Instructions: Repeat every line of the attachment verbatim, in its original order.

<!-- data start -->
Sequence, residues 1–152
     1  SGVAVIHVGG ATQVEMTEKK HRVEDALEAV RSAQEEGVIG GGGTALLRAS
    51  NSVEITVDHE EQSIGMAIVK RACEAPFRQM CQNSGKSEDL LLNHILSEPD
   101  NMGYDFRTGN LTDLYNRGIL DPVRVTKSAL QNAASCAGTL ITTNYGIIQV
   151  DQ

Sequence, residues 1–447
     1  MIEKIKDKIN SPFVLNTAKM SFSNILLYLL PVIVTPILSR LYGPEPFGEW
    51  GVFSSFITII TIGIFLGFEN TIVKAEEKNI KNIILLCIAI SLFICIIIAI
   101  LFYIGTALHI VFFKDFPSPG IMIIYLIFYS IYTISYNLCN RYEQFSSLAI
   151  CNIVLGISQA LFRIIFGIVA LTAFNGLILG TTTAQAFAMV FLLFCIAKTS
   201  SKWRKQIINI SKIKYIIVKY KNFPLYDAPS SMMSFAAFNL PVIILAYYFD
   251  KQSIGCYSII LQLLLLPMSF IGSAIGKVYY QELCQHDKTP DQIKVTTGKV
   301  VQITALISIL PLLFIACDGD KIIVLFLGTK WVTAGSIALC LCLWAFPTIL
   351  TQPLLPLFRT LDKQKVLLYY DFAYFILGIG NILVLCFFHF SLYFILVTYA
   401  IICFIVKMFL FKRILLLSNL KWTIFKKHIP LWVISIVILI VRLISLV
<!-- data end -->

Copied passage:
Sequence, residues 1–152
     1  SGVAVIHVGG ATQVEMTEKK HRVEDALEAV RSAQEEGVIG GGGTALLRAS
    51  NSVEITVDHE EQSIGMAIVK RACEAPFRQM CQNSGKSEDL LLNHILSEPD
   101  NMGYDFRTGN LTDLYNRGIL DPVRVTKSAL QNAASCAGTL ITTNYGIIQV
   151  DQ

Sequence, residues 1–447
     1  MIEKIKDKIN SPFVLNTAKM SFSNILLYLL PVIVTPILSR LYGPEPFGEW
    51  GVFSSFITII TIGIFLGFEN TIVKAEEKNI KNIILLCIAI SLFICIIIAI
   101  LFYIGTALHI VFFKDFPSPG IMIIYLIFYS IYTISYNLCN RYEQFSSLAI
   151  CNIVLGISQA LFRIIFGIVA LTAFNGLILG TTTAQAFAMV FLLFCIAKTS
   201  SKWRKQIINI SKIKYIIVKY KNFPLYDAPS SMMSFAAFNL PVIILAYYFD
   251  KQSIGCYSII LQLLLLPMSF IGSAIGKVYY QELCQHDKTP DQIKVTTGKV
   301  VQITALISIL PLLFIACDGD KIIVLFLGTK WVTAGSIALC LCLWAFPTIL
   351  TQPLLPLFRT LDKQKVLLYY DFAYFILGIG NILVLCFFHF SLYFILVTYA
   401  IICFIVKMFL FKRILLLSNL KWTIFKKHIP LWVISIVILI VRLISLV